Wednesday, January 30, 2019

People of Jerusalem 2019



People of Jerusalem
January 30, 2019

From December 30, 2018 to January 13, 2019 I visited Israel.  This was just a normal vacation, not a “trip of a lifetime.”  I wanted to visit people and places that I was both familiar with and not.  I didn’t go on a tour bus with a tour guide or even behave like a tourist.  I just made my own plans.  Before I left, I arranged visits to libraries to meet with librarians.  That will be a separate report.  This article will just cover some of the people I encountered in my travels.  Please take these as amusing or interesting people.  I don’t mean to “make fun” or demean anyone.

To start I present a picture of myself -- while I’m not a wild and crazy guy, I am not shy.  Here I am standing next to the Kotel. No matter how many times I visit, no matter how much I learn about the excavations, no matter how much history I read about Jerusalem, I am still moved by just being there.  When I was growing up, the Jordanians didn’t let Jews visit.  I thought we would never be able to be there.  Then the Six Day War came, and we heard, “the Kotel is ours.”  Even though most of the stones are from Herod and after, the connection to the original Temple can still be found everywhere.  Some excavations even found the remains of burnt wood from the destruction.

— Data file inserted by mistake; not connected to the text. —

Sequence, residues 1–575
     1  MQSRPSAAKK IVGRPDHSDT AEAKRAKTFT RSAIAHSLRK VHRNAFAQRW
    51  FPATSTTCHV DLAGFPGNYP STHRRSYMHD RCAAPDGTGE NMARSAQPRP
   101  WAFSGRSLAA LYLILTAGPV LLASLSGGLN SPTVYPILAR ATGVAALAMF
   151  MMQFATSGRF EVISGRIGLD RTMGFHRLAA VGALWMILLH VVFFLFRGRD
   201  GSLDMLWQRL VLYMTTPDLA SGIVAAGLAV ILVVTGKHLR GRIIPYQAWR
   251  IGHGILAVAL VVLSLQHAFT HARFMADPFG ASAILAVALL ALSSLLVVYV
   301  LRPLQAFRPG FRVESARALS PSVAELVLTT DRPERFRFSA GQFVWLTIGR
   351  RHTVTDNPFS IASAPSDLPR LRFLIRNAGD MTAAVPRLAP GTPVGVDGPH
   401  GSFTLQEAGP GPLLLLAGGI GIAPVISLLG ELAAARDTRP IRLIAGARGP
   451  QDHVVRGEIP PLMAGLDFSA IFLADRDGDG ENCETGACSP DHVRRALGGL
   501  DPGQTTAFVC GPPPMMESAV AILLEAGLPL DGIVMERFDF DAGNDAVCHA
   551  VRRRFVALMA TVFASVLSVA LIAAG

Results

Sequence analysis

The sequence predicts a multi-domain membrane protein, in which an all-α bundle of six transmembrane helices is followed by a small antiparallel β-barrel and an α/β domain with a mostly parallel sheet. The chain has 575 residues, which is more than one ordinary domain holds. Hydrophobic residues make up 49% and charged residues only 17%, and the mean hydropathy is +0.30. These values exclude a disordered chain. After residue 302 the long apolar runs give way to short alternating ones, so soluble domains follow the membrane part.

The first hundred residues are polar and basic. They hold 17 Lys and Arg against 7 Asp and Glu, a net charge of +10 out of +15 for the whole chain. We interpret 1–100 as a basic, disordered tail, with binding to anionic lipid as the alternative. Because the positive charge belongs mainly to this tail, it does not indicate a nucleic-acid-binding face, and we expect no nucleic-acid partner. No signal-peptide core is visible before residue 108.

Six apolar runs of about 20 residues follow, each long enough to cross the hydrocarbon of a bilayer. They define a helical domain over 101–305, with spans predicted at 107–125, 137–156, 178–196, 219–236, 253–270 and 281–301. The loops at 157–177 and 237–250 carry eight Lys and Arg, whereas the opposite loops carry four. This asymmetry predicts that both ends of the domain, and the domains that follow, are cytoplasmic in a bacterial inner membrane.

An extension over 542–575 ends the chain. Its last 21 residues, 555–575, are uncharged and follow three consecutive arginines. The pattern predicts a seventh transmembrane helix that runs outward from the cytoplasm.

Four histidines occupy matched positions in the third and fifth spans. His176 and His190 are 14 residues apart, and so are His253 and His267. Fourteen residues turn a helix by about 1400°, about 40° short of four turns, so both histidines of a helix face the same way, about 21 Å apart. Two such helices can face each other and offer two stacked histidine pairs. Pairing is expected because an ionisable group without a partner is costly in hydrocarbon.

The Kotel is place of contrasts. Here is a picture of me and the next picture is a man looking on his cell phone with people praying in the background. Tourists, residents, and Israelis from all over flock there. In addition to the majesty of the wall itself, on can enter the tunnel and be part of a regular or ad hoc prayer group.  This is picture of places for prayer with an aron hakodesh to hold Torah scrolls. The Western Wall Foundation has walking and virtual tours for the public to see areas not available to the unaccompanied public.